And still the story isn’t over.

The State Board of Elections’ investigation into the Nov. 6 general election in North Carolina’s 9th Congressional District produced troubling revelations, a dramatic reversal by Republican candidate Mark Harris, who had declared victory back in November, and ultimately, what seems the right outcome. Voters in the 9th District will soon be going to the polls for a new election, and Harris says he will not be on the ballot.

Harris declared victory in November after he apparently won the 9th District seat over Democrat Dan McCready by 905 votes. After the state elections board began raising questions about voting irregularities and wouldn’t certify the election results, Harris sued to try to force elections officials to certify his win. But during the third day of an elections board hearing that produced considerable, convincing evidence of fraudulently obtained and altered absentee ballots, he abruptly called for a new election.

The people in the district could not have faith in the integrity of the election results now, Harris said. And he was right. The board voted unanimously for a new election.

But there’s more.

For starters, Leslie McCrae Dowless, a Bladen County man who worked as a political consultant in Harris’ campaign, has been arrested, indicted by a grand jury on charges of obstruction of justice, conspiracy to obstruct justice and possession of absentee ballots. The Wake County District Attorney’s Office says that the charges have to do with irregularities surrounding absentee ballots in Bladen County dating back to the 2016 general election as well as to the 2018 primary.

Stay tuned for more details to emerge as the criminal investigation continues into Dowless’ activities in the 2018 general election.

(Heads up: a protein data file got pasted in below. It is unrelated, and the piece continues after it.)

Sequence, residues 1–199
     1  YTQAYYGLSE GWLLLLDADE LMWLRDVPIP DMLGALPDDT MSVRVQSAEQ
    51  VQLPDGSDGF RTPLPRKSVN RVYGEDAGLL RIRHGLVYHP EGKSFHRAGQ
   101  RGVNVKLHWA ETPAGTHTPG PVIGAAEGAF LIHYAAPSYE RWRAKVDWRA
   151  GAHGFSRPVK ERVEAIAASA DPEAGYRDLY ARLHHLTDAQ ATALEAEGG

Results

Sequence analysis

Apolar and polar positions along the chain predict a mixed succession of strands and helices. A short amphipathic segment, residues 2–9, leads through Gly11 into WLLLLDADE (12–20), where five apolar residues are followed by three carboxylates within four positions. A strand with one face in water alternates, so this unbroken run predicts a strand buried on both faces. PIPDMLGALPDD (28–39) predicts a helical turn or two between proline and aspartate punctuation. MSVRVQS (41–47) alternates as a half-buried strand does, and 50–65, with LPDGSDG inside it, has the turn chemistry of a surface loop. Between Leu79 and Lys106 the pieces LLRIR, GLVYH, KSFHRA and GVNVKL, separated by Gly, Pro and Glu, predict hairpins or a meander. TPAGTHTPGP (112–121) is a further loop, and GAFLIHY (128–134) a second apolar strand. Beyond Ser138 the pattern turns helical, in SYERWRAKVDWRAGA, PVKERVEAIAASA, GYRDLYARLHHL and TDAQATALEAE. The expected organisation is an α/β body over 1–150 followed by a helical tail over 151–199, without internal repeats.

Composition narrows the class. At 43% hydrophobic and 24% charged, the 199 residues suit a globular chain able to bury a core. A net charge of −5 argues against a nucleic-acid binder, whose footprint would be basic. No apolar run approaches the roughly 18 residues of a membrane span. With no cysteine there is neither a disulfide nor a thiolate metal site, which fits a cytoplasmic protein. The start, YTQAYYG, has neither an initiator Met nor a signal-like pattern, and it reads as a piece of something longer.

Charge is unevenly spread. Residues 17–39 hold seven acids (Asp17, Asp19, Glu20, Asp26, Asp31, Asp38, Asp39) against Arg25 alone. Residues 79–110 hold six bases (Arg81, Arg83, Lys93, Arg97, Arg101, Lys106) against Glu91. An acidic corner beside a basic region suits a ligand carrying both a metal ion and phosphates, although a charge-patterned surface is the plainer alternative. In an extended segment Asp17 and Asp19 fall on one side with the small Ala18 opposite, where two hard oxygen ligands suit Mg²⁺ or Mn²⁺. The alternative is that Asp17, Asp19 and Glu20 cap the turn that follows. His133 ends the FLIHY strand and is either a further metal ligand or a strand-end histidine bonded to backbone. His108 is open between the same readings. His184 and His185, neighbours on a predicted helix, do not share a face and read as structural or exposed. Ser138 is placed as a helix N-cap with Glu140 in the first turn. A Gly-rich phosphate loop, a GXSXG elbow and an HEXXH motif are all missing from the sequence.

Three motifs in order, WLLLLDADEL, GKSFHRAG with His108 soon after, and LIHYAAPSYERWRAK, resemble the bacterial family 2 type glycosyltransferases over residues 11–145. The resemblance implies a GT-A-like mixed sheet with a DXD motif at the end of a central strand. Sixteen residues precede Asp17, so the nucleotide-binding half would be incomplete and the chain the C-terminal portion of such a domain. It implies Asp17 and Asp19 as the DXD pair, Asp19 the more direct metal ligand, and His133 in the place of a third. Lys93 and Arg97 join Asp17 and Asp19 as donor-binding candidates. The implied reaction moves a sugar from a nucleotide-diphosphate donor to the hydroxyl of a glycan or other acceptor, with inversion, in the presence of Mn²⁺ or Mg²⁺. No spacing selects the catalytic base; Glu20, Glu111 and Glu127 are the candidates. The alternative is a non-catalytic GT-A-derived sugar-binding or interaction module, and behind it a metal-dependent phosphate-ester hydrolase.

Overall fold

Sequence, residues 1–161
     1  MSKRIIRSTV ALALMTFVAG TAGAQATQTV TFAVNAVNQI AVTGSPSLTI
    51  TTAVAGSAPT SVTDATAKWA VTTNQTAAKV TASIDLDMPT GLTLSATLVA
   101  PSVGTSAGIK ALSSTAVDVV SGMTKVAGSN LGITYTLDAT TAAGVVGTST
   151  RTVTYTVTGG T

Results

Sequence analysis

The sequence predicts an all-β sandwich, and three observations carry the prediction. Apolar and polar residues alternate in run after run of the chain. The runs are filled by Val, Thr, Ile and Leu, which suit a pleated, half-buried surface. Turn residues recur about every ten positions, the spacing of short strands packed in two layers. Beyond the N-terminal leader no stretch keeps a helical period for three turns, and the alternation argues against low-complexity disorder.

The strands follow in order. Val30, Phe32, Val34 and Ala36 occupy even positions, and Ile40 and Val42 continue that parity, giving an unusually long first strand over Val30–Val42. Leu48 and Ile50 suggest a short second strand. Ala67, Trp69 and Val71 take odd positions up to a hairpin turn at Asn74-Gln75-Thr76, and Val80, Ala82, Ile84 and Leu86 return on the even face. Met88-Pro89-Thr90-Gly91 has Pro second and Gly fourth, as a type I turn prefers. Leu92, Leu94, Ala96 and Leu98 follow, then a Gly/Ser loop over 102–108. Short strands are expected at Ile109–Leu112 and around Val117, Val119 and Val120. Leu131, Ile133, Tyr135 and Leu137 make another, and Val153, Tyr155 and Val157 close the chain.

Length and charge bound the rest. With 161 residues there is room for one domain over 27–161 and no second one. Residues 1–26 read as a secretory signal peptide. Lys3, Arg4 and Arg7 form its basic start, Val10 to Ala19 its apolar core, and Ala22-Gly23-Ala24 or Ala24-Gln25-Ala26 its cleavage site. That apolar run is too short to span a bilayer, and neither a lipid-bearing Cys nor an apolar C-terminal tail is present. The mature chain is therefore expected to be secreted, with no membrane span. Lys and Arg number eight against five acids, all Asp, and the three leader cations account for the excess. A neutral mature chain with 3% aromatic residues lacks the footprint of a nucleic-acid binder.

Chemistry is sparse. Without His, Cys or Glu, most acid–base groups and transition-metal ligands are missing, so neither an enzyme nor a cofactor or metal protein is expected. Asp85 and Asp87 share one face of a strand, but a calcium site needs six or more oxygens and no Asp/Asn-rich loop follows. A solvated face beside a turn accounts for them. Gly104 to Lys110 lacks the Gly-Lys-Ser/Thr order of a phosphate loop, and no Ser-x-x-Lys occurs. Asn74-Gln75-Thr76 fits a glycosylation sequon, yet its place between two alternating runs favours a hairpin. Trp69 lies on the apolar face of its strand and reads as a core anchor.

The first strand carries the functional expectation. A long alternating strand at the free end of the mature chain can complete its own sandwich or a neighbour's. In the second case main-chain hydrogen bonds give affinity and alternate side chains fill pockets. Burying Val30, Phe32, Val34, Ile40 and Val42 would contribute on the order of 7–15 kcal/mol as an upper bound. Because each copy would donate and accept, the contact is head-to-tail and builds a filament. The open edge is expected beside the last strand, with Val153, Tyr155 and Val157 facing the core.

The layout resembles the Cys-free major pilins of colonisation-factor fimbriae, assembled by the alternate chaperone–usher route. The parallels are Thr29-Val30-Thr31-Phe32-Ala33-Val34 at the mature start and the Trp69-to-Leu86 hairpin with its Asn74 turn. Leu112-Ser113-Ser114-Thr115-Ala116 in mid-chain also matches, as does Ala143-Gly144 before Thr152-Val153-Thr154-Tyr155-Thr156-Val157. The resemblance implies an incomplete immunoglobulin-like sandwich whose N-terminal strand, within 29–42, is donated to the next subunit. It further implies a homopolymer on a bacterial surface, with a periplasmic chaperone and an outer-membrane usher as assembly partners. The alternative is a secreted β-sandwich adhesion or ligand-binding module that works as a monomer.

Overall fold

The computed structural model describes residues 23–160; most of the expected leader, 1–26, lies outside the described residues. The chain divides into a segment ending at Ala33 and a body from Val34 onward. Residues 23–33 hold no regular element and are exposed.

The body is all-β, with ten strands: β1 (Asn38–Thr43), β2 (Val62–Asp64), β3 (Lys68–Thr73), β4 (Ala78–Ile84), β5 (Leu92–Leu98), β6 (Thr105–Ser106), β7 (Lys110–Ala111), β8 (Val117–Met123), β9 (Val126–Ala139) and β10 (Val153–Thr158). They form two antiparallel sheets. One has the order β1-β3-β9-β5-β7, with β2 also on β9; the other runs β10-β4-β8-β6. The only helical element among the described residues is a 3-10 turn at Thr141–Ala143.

Also among the hearing’s revelations was that there had been complaints and allegations about irregularities in Bladen County’s elections years before this investigation into Harris’ narrow win over McCready. That doesn’t inspire confidence in the integrity of elections in Bladen.

Isn’t it interesting that amid all the recent concern among Republicans in Raleigh about the dangers of voter fraud in the state, few have seemed worried about absentee ballots? That’s true even though the Republican incumbent, U.S. Rep. Robert Pittenger, narrowly lost to Harris in the GOP primary in May 2018 — and Harris received the lion’s share of absentee votes.

The whole sordid episode also raises concerns that absentee ballot fraud could be a problem elsewhere in the state. Apparently, it was only too easy to tamper with them in Bladen County. Why not somewhere else? Are local boards of elections doing all they can to guard against such fraud? And if complaints and allegations surface, do district attorneys and U.S. attorneys take them seriously enough?

Having confidence that our elections are free and fair, that everyone who is eligible has a chance to vote, and that no one tampers with ballots — those things are at the heart of American democracy.

We already have to worry about foreign interference and social media manipulation. And already we have to worry about gerrymandering and about efforts to intimidate and turn away vulnerable voters.

We should not have to worry as well about unscrupulous political operatives tampering with absentee ballots.

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